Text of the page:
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Cogs on the small end of the cassette have been shrinking ever smaller throughout the evolution of multi-speed road bikes, and for good reason. With X-Range gearing found on SRAM RED and Force eTap AXS, that number is now down to 10 teeth.


Interestingly, every time that little cassette cog got smaller, it was for the same reasons. For example, front shifting requires big changes to your pedaling cadence and breaks up the rhythm of your ride. These shifts cost rider efficiency and detract from the riding experience. Smaller cogs (like our X-Range 10 tooth cog) allow you to use smaller chainrings to get to the same top speed. If the largest cog on the cassette remains the same size, you can stay in the big ring longer and limit the number of front downshifts you have to make.

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Another benefit of shrinking the size of the large chainring is that it reduces the difference in the number of teeth between the two chainrings. This means smoother front shifting while limiting the cadence disruption those shifts cause during your ride. And you can do this while also adding gear range to the drivetrain. We’ve taken advantage of each of these benefits of 10-tooth cogs in our eTap AXS groupsets. It’s what sets X-Range apart from what’s available with traditional road gearing.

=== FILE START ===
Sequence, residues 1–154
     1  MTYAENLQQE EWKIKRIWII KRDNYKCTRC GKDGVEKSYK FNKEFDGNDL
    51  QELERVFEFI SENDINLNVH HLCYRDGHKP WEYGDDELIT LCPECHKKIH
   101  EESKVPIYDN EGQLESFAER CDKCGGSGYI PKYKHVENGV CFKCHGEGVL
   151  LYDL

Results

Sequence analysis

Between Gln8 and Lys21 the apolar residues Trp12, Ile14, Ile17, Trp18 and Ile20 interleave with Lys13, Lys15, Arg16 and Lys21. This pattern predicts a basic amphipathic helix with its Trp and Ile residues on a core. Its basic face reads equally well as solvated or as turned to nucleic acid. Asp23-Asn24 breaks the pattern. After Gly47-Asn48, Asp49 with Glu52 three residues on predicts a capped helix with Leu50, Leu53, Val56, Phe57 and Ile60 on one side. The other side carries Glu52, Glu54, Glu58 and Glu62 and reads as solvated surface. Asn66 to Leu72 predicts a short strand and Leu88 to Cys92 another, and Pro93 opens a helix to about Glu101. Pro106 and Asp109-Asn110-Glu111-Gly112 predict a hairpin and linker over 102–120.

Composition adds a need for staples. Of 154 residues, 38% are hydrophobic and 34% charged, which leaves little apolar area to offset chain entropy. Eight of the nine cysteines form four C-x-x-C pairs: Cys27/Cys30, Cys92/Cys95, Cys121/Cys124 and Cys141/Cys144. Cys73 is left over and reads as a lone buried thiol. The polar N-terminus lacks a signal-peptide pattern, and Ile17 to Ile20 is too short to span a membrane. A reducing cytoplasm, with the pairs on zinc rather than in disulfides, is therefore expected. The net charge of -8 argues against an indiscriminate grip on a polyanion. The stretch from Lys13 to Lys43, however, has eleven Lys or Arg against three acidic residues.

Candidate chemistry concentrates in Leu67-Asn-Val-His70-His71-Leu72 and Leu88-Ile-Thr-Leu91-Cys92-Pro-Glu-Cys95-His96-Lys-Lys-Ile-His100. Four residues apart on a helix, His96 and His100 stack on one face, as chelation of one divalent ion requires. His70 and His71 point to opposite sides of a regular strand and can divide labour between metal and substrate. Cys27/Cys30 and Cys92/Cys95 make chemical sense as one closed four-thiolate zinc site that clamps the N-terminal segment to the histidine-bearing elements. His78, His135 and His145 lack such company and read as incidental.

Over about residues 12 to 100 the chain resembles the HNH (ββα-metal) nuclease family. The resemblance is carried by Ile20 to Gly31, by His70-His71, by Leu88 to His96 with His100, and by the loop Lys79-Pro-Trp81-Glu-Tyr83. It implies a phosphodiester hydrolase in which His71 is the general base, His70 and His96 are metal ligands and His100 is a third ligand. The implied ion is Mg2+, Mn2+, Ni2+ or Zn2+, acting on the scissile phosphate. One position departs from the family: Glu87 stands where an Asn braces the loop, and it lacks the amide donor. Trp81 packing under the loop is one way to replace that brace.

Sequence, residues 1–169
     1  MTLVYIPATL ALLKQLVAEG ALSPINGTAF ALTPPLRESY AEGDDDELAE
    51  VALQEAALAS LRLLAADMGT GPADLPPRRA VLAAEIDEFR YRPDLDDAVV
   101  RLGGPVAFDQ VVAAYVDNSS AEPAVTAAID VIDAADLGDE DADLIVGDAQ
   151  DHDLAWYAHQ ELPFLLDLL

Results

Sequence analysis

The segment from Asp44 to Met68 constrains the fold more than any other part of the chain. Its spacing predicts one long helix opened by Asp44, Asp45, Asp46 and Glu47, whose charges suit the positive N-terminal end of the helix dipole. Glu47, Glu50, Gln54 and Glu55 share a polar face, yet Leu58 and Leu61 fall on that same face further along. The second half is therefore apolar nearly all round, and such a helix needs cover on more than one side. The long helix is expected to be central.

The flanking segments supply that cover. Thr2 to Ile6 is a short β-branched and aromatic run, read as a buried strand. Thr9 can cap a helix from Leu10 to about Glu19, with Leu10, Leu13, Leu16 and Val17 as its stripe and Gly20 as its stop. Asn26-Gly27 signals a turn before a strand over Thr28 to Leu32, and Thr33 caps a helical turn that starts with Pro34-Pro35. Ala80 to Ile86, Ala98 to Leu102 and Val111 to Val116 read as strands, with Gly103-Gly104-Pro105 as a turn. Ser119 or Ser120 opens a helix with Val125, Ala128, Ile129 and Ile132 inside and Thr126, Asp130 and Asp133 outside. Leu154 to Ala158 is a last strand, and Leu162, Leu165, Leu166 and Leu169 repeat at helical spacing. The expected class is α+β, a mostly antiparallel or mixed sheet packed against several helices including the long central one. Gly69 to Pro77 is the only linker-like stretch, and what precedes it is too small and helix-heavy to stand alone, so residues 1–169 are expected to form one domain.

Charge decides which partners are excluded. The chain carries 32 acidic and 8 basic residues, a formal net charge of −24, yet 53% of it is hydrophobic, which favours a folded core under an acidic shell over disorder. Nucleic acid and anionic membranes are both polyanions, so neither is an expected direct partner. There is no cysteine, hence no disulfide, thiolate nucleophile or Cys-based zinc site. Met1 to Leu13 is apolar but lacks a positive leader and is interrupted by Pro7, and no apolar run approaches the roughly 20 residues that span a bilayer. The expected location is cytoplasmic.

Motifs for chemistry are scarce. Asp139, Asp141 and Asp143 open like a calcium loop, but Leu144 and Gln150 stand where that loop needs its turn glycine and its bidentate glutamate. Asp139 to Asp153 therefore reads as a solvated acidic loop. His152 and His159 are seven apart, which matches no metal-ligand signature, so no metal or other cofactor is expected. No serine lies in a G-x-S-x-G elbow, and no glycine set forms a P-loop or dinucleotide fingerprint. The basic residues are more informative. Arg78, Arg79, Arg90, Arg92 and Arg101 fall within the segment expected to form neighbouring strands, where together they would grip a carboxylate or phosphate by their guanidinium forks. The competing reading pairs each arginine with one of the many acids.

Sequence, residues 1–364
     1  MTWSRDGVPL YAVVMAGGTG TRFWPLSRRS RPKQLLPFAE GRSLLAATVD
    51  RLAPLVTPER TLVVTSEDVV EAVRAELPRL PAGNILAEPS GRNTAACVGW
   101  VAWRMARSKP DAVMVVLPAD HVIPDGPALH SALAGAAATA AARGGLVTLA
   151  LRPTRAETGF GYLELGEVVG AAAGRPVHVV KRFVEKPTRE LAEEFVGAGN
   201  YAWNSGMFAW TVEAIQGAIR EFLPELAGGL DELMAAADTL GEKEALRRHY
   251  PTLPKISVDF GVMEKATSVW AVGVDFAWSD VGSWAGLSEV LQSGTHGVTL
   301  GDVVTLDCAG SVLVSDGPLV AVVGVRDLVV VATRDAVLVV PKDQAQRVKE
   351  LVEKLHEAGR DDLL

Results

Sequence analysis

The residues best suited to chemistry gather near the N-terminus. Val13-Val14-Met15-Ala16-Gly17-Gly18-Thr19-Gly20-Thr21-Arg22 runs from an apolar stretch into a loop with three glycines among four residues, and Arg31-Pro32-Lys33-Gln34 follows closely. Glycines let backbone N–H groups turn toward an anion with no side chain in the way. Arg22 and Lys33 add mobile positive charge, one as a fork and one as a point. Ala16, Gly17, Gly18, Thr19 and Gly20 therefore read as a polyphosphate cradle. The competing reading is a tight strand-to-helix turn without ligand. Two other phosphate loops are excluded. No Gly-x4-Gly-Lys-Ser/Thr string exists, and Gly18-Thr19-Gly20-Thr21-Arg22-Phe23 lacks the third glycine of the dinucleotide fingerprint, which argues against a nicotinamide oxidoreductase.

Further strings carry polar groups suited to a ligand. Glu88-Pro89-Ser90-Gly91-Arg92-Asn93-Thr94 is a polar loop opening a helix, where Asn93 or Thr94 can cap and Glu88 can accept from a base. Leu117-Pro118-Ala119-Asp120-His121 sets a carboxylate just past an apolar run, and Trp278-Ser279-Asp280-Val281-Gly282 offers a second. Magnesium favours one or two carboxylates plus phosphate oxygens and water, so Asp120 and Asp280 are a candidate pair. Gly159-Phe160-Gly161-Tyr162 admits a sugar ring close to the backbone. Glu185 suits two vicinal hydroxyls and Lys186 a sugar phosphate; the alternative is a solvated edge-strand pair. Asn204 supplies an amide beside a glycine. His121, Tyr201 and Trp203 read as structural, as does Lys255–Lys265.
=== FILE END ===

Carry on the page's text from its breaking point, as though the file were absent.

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Additionally, X-Range offers WorldTour level riders an exclusive gearing advantage over competitors. Some of our pros opt to maintain the same size chainrings found in traditional drivetrains with 11-tooth start cassettes. This gives them an additional 10-tooth cog for a higher top speed. While mere mortals need bottom-end bailout gears, these riders need top-end bailout gears to win races!

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Photo by Getty Images


Is there a downside to 10-tooth cogs?

A common concern expressed by cycling tech enthusiasts is that the smaller cogs get, the less efficient a drivetrain becomes, due to increases in friction between the chain and cog and the added rotation required at each chain link. However, something that is often misunderstood in these discussions is that this efficiency concern only reliably applies when every other component in the system is the same. In other words, a true apples-to-apples comparison requires using all the same components, except the cog you are testing. Outside of applied science discussion circles, this critically important point is often missed.